Monday, February 24, 2014

Masonry to create sea life habitats

For decades mankind has recognized that saltwater fish habitats can be provided by creating dwelling structures on the ocean floor for sea life to find refuge, shelter and cover from storms, predators and –alas- humanity’s industrial-scale fishing nets.  Decrepit old ships which are no longer economically viable are often used toward this end; they are strategically located and sunk to create homes for fish and other marine life on the ocean floor.  These efforts have been quite successful in providing incubators for fish to grow, establish themselves, and become viable populations.  These structures also promote coral growth and create a richer variety of sea life than would otherwise be possible.

The masonry system described in this blog can serve to create fish habitats which are robust, inexpensive, easy to deploy and should last a very long time.  These structures also create an ideal framework for coral to establish itself and become viable independent colonies.  Biodiversity becomes more complete and is enriched by these artificial habitats.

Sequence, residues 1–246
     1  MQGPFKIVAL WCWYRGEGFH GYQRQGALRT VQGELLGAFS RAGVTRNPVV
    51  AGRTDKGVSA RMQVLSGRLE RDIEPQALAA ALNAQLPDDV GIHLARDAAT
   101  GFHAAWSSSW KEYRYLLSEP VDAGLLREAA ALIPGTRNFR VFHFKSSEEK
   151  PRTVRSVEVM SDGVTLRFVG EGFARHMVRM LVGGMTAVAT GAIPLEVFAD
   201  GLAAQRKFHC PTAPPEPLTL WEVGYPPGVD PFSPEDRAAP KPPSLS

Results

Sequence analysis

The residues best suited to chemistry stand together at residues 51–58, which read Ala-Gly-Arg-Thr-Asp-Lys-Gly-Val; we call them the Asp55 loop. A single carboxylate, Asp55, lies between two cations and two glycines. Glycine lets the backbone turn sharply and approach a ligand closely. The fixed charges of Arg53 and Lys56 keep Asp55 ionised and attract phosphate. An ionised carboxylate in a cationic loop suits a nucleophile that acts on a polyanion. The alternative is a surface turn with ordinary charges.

These structures can also help dampen the erosion effects of storm surges, wave action, and damaging currents near coast lines; helping to protect the shores from the eroding effects of storms and currents. 
This system would be most easily employed by being assembled on dry land, towed or hauled to its planned deployment area, and then sunk to the sea floor in a controlled manner.  Manmade habitats for sea life are proven consistently to have an almost immediate effect in promoting fish populations, sea life in general, and biodiversity in particular.

These sea life habitats have a positive economic effect by creating popular diving destinations for sport and recreational divers.  This particular masonry design is also expected to provide the additional economic benefit of reducing the damaging effects of storm surges, erosion, and denudation of coastal areas by dampening wave forces and attenuating storm surges.

This masonry system has not yet been deployed for this proposed application, but it is easy to imagine one of these structures on the sea floor: with fish entering and exiting the safety of this sheltered environment.  Cements and concretes appropriate for sea water have long been in use; it is a simple matter to use this technology for the inexpensive adoption of this system for creating  appropriate habitats for the promotion of sea life and biodiversity.

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